At times, the boundary between informative training and group therapy blurred. In the first 30 minutes of the training, Bennett was interrupted twice by long accounts of a participant’s family member’s history with substance abuse or anxiety, which she had to courteously cut short by invoking a special rule: ELMO (Enough, Let’s Move On). Nevertheless, whenever someone began sharing a personal anecdote at the MHFA training, the other participants listened with their entire bodies, with a slight lean forward and intent faces, nodding heads and murmurs of agreement found throughout the group. This handful of strangers demonstrated an immense vulnerability to one another in that church on that random Saturday morning.
The same phenomenon also appears in Hankerson’s MHFA trainings. Emely Santiago, the project coordinator for the Manhattanville Wellness Center, observes that, despite an explanation at the beginning of the training that “this isn’t supposed to be a therapy session,” sometimes the participants dip into a tone of group therapy. Santiago thinks this phenomenon is understandable given that it takes place in the communal embrace of churches, which she describes as “a pretty beautiful thing for the community to experience.”
This tension may bring to bear a broader challenge between teaching and listening in mental health education, between disseminating information as a public service and listening as a public service. MHFA trainings, meant to give information, spontaneously transformed into a space where listening as a public service was demanded. One challenge facing the Wellness Center today is the balance of these two competing commitments in the service of the community, and how CCMH, designed as a platform to listen to diverse community partners, will play a part in its future.
The Rev. Kyndra Frazier, director of the HOPE Center, points out that the most concerning challenge that the center faces is having a wait period of 2-3 months for anyone seeking counseling service. Hankerson himself admits that “finding creative ways for people to receive treatment sooner [is] one of the challenges that we are working on,” though the center is not a clinical practice.
After all, Harlem is arguably in need of more programs addressing mental health, like the HOPE and Emma Bowen Centers. Community District 10, of which Central Harlem is the primary neighborhood, has an adult psychiatric hospitalization rate of 1,038 per 100,000 adults, ranking the ninth highest in New York City, while Community District 9, which includes Morningside Heights, Manhattanville, and Hamilton Heights, has a lower rate of 726 per 100,000 adults, still higher than the New York City average of 676 per 100,000 adults.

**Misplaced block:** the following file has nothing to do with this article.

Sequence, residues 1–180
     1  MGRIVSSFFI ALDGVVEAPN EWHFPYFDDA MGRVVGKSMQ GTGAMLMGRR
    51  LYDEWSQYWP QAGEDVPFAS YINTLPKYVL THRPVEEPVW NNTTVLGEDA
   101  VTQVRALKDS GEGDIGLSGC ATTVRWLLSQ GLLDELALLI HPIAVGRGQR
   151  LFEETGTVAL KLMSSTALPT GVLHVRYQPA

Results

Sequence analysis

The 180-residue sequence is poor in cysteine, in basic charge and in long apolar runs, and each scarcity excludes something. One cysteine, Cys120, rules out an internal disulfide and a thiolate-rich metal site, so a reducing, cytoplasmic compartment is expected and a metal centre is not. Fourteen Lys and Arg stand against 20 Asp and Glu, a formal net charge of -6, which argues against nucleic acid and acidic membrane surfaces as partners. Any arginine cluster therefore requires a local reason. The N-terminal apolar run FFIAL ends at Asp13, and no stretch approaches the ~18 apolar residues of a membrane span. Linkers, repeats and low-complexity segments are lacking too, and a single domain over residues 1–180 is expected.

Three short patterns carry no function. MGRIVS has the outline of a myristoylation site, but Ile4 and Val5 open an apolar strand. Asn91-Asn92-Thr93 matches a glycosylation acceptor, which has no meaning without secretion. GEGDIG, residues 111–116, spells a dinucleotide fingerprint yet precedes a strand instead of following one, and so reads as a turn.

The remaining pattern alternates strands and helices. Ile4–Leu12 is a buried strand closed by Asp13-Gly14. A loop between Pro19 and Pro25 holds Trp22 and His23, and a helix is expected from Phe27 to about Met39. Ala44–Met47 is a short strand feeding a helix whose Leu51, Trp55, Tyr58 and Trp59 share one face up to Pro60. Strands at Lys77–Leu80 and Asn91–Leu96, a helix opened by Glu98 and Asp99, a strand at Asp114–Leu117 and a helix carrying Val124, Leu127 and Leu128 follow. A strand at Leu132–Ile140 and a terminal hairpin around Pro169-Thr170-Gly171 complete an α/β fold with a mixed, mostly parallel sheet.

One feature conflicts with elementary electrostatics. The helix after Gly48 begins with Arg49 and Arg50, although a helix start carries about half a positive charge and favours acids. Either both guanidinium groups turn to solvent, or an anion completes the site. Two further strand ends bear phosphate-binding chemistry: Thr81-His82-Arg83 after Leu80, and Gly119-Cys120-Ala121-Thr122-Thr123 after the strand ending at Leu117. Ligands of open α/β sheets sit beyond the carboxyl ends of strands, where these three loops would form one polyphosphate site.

“We really want the community to drive what some of the solutions should look like,” Brooks says. Later, she adds, “We want these solutions to be really meaningful and enduring. … It isn’t always just about coming in and providing money.” She sees the relationship between the community and Columbia as a question not just of sponsorship, but of gaining understanding of local needs and priorities.
Hankerson’s research projects for CCMH and MHFA trainings have ended as of September 2018. The future of CCMH currently hangs in the balance: Hankerson plans to seek funding from Columbia, While the MHFA trainings will be funded by the Wellness Center, Hankerson is still looking for additional sources of funding for the community group that brought MHFA trainings to him in the first place.
The mental health initiative of the Wellness Center is trying to live up to the spirit of partnership—balancing services of value to the community with those of value to the city government and to research scientists.
“I think we’re still trying to figure out what the long-term relationship and partnership is for CCMH and the Wellness Center. There’s real potential there for further exploration and growth,” Brooks says. “It’s one that’s beginning to take shape and one that I have a lot of hope for for what it will mean for the Harlem, Morningside Heights community.”